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PT Notes

What is the Difference Between a Barrier and a Control in Bow Tie Diagrams?

PT Notes is a series of topical technical notes on process safety provided periodically by Primatech for your benefit. Please feel free to provide feedback.

The value of bow tie diagrams is increasingly being recognized in process safety. This PT Note addresses the important distinction between barriers and controls in a bow tie diagram.

Bow tie diagrams graphically depict a set of hazard scenarios for a process (see Figure). Scenarios begin with a threat and end with a consequence. Barriers protect against hazard scenarios. There are two types of barriers. Prevention barriers act to prevent a hazard scenario by terminating the scenario before the top event occurs. Mitigation barriers act to reduce the consequences of a scenario after the top event occurs. Prevention barriers are shown in purple in the figure and mitigation barriers are shown in green. A high level shutdown system for a tank is an example of a prevention barrier. A dike (bund) around a tank is an example of a mitigation barrier (see Figure).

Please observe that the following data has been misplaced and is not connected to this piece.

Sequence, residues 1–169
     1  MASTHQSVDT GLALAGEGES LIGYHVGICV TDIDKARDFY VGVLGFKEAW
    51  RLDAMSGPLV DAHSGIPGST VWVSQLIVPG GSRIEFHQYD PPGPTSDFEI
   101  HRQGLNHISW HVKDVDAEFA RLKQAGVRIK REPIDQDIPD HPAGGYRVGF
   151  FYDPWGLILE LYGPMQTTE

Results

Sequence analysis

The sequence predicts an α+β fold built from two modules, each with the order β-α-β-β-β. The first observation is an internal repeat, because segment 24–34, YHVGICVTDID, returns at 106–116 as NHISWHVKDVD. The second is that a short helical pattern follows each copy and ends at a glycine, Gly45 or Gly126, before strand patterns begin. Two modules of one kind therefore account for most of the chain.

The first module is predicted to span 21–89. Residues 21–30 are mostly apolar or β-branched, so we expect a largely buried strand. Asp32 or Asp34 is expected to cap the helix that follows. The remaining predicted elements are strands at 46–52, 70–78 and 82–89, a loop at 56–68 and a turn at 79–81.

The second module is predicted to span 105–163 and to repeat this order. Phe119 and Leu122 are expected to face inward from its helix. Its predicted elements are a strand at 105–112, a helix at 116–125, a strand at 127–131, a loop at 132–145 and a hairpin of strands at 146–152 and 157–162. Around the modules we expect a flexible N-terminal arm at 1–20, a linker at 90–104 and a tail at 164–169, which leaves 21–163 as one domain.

The function of a barrier may be compromised by a situation, condition, defect, or error that defeats it or reduces its effectiveness. These are known as degradation factors , or sometimes, escalation factors , because they act to increase risk. A degradation factor may be prevented from impairing a barrier by measures known as degradation controls , or controls, for short. For the prevention barrier of a high level shutdown system, a control for the degradation factor “Loss of electric power”, might be “Backup power supply” (see Figure). For the mitigation barrier of a dike (bund), a control for the degradation factor “Loss of structural integrity due to aging” might be “Periodic inspection” (see Figure).

A distinction is made between barriers and controls in a bow tie diagram because, by definition, controls may not meet the more rigorous validity requirements for barriers. Thus, the term degradation control, or control, is used rather than degradation barrier.

Process safety practitioners use the term safeguards to describe both barriers and degradation controls. A source of possible confusion is that the term controls is also used as a synonym for safeguards in process safety.

Careful specification of barriers and controls helps to make bow tie construction more efficient by minimizing iterations and revisions.

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